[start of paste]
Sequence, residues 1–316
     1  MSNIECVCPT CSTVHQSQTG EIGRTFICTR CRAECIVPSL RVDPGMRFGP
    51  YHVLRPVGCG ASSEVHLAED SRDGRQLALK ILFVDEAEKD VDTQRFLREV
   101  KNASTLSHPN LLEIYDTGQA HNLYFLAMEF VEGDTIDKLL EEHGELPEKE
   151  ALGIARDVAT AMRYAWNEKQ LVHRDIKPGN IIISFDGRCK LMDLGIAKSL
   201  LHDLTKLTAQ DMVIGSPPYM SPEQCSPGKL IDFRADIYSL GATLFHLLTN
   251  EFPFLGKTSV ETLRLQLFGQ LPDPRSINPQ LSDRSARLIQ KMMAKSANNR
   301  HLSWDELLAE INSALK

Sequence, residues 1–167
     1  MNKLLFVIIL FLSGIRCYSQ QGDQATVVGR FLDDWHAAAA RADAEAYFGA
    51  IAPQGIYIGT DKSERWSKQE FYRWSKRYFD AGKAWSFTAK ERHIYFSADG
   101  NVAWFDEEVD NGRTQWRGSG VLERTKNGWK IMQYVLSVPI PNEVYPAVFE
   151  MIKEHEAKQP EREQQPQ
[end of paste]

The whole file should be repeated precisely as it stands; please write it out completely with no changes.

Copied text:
Sequence, residues 1–316
     1  MSNIECVCPT CSTVHQSQTG EIGRTFICTR CRAECIVPSL RVDPGMRFGP
    51  YHVLRPVGCG ASSEVHLAED SRDGRQLALK ILFVDEAEKD VDTQRFLREV
   101  KNASTLSHPN LLEIYDTGQA HNLYFLAMEF VEGDTIDKLL EEHGELPEKE
   151  ALGIARDVAT AMRYAWNEKQ LVHRDIKPGN IIISFDGRCK LMDLGIAKSL
   201  LHDLTKLTAQ DMVIGSPPYM SPEQCSPGKL IDFRADIYSL GATLFHLLTN
   251  EFPFLGKTSV ETLRLQLFGQ LPDPRSINPQ LSDRSARLIQ KMMAKSANNR
   301  HLSWDELLAE INSALK

Sequence, residues 1–167
     1  MNKLLFVIIL FLSGIRCYSQ QGDQATVVGR FLDDWHAAAA RADAEAYFGA
    51  IAPQGIYIGT DKSERWSKQE FYRWSKRYFD AGKAWSFTAK ERHIYFSADG
   101  NVAWFDEEVD NGRTQWRGSG VLERTKNGWK IMQYVLSVPI PNEVYPAVFE
   151  MIKEHEAKQP EREQQPQ